Key Points

  • During the 2000–2015 study period, Peru saw declines of more than 50 percent in both neonatal mortality and overall under-five mortality (U5M).
  • Peru established itself as a model among lower middle-income countries for reductions in U5M, and as its gross domestic product (GDP) increased, U5M outcomes were on par with more affluent countries.
  • Peru's extraordinary progress in reducing U5M is the result of its engagement of community-level care, focus on equity, clear national health priorities, and implementation of innovative approaches grounded in local research, all working to address the health needs of a highly diverse country.

Under-five mortality in Peru over time, death rates per 100,000 children under five

Institute for Health Metrics and Evaluation (IHME) GBD 2017

Peru experienced a 57 percent decline in mortality among children under the age of five (U5M) during the study period – from 38.6 deaths per 1,000 live births in 2000 to 16.6 per 1,000 live births in 2015. 1

Some equity gaps remain, however. The two poorest income quintiles experienced higher rates of U5M than the rest of the population. Geographic imbalances also persisted, with variances between regions and significant divergences in U5M rates between urban and rural areas.2

The top three causes of death in 2000 among children under five were neonatal disorders, lower respiratory infections, and diarrheal diseases. By 2015, HIV/AIDS deaths had surpassed diarrheal diseases as the third largest contributor to under-five deaths in Peru.1


Under-five causes of death in Peru over time, % of total U5M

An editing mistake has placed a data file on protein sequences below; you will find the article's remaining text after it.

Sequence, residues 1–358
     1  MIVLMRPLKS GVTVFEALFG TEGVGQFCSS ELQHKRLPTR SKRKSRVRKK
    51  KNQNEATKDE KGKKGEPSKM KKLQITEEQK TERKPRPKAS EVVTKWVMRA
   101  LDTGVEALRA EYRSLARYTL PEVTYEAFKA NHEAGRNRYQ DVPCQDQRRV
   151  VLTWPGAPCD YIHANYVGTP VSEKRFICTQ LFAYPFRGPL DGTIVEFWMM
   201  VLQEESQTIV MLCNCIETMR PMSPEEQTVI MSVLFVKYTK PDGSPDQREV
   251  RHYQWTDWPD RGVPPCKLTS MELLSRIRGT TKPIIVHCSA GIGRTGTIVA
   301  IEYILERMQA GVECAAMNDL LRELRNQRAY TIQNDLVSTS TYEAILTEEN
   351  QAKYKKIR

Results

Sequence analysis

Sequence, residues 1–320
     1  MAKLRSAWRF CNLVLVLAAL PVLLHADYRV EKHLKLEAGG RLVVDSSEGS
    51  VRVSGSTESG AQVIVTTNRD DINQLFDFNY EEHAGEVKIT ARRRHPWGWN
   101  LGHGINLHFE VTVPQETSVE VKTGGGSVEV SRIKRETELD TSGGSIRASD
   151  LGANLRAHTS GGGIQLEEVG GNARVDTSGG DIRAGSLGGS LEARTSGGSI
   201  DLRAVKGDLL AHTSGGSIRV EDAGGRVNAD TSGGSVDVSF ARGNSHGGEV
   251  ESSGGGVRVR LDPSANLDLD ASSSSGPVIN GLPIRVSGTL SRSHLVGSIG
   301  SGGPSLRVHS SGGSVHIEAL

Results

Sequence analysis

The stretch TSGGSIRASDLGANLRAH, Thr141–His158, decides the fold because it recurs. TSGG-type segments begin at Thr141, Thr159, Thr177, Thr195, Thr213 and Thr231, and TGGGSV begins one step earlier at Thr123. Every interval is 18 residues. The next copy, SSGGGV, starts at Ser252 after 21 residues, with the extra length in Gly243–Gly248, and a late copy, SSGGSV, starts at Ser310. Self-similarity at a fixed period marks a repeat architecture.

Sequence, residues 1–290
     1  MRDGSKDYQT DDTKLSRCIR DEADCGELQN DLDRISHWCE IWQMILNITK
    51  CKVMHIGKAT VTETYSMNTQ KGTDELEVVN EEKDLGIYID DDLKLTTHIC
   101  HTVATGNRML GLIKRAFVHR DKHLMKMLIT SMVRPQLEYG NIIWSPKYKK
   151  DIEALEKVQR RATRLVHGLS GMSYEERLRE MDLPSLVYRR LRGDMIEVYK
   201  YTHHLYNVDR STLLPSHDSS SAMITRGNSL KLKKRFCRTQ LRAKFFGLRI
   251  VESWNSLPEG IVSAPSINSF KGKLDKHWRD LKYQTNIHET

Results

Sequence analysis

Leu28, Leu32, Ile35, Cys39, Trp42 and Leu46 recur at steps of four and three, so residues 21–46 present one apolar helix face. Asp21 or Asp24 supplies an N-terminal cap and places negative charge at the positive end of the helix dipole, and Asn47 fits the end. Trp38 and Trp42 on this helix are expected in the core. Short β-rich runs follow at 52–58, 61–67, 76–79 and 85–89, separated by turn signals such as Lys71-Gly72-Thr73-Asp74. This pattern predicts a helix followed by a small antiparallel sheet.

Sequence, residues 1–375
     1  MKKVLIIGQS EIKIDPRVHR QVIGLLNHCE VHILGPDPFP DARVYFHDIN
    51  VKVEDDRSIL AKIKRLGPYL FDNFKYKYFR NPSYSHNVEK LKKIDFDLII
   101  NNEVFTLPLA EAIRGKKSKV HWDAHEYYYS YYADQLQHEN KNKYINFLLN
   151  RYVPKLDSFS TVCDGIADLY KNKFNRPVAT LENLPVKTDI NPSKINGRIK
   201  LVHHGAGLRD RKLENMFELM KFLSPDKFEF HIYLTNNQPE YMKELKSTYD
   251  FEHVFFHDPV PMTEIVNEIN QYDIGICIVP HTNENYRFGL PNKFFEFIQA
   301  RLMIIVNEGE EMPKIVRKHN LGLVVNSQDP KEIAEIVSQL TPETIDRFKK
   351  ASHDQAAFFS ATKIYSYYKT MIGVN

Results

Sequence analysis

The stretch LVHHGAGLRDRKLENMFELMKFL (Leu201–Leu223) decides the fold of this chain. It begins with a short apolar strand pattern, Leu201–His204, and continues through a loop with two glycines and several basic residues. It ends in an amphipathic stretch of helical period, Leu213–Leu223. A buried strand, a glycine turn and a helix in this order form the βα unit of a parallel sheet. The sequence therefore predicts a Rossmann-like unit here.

Data Source: IHME GBD 2017

Mortality rates among newborns under 28 days of age also declined in Peru. Neonatal mortality is an especially difficult and complex subcategory of child mortality, and improvements in the neonatal mortality rate (NMR) slightly lagged those for U5M as a whole – a typical phenomenon even among Exemplar countries. Peru’s neonatal mortality rate dropped from 15.5 deaths per 1,000 live births in 2000 to 7.6 per 1,000 live births in 2015, a decrease of 51 percent.1  

As with U5M overall, equity gaps were also evident in Peru’s progress to reduce NMR. However, the NMR disparities were less marked, and narrowed significantly by 2015 due to improvements across all wealth quintiles. A small NMR gap persisted between the top income quintile and all others, and some regional differences remained – including a persistent gap between urban and rural areas.3  


Under-five mortality rate in Peru over time, by wealth quintile

Data Source: Demographic and Health Survey (DHS)

Compared with its five neighboring countries (Bolivia, Brazil, Chile, Colombia, and Ecuador), Peru recorded the largest percentage declines in both U5M overall and NMR during the 2000–2015 study period .1

Peru has outperformed neighboring countries in percentage of reduction of both U5MR and NMR

Data Source: IHME GBD 2017